# What is the "momentum density" of an electromagnetic field? How does the Poynting vector relate to the momentum "stored" in such field?

I'm taking introductory, undergraduate-level E&M, for which we're following Griffiths. In his chapter on the conservation laws, he gives the following as the statement for conservation of momentum under electrodynamics:

$$\frac{d\vec{p}_{\textrm{mech}}}{dt} = \oint_S \overleftrightarrow{T}d\vec{a} -\epsilon_0 \mu_0 \frac{d}{dt} \int_V \vec{S} \; d\tau$$

Griffiths claims (without much elaboration) that the term involving Maxwell's stress tensor $$\overleftrightarrow{T}$$ yields the "momentum per unit time flowing through the surface" (which is believable, on a purely intuitive basis), and that the term involving $$\vec{S}$$ (the Poynting vector) yields the "momentum stored in the fields".

While I'm able to follow the mathematical derivation leading to this result without much trouble, I'm struggling to grasp on an intuitive level how an integral over the Poynting vector leads to a measure of some kind of "momentum stored". I'm more accustomed to thinking about the Poynting vector as a measure of energy flux (i.e. energy entering or leaving a region). It also isn't clear to me what a time derivative of such an integral "does".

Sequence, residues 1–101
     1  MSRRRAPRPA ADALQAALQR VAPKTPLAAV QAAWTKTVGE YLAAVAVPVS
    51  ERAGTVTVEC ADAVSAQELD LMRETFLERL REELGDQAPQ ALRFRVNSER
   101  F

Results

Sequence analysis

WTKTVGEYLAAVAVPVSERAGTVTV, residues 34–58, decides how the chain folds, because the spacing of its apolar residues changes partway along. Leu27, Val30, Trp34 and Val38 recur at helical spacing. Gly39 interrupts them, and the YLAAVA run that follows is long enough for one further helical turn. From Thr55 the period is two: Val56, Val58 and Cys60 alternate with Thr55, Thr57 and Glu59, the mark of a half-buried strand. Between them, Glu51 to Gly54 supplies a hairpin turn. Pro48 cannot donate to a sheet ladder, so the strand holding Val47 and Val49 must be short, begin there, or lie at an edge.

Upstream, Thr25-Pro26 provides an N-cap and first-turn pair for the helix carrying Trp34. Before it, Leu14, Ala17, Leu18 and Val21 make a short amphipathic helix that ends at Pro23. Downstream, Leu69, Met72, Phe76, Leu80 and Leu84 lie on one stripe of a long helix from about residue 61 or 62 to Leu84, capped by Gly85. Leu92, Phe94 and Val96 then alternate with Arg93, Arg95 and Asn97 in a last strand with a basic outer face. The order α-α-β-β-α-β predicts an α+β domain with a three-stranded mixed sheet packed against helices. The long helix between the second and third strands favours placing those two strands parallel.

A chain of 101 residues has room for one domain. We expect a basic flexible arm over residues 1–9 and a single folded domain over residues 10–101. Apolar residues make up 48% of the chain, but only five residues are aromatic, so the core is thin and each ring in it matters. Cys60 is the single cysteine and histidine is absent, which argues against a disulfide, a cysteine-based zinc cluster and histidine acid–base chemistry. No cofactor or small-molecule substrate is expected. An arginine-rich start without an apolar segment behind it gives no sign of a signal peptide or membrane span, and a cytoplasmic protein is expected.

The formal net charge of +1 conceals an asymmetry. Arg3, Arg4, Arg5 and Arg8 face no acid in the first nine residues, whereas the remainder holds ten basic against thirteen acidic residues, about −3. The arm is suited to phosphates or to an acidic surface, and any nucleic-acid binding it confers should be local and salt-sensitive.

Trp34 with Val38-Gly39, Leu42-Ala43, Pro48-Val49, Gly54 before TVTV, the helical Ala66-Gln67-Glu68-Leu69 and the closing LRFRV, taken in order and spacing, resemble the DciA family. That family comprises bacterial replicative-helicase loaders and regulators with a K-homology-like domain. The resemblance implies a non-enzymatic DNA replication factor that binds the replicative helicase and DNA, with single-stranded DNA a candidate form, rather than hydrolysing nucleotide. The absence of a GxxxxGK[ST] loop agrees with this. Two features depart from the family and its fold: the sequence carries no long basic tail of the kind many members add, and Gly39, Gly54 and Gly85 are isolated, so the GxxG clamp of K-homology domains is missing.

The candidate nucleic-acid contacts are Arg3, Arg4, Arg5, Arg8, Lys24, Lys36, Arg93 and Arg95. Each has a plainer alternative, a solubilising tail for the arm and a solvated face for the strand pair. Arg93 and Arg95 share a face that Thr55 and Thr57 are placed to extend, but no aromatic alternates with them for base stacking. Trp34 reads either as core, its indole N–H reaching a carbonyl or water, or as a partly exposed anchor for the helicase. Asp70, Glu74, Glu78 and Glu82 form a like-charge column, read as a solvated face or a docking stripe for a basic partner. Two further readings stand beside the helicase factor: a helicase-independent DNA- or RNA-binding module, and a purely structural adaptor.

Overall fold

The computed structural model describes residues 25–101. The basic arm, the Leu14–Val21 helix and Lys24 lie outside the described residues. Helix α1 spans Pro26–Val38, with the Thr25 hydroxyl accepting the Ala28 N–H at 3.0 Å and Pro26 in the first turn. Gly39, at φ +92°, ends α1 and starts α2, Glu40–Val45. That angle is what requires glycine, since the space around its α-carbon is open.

Some similar questions exist, and several mention the momentum density $$g$$, which involves the Poynting vector $$\vec{S}$$, often pointing to this resource letter by Griffiths. None, however, elaborate on what precisely is meant by "momentum density", nor why this is related in any manner to the Poynting vector, except to say that "it must be" in order for conservation of momentum to work out.

In a more intuitive sense, what is going on here?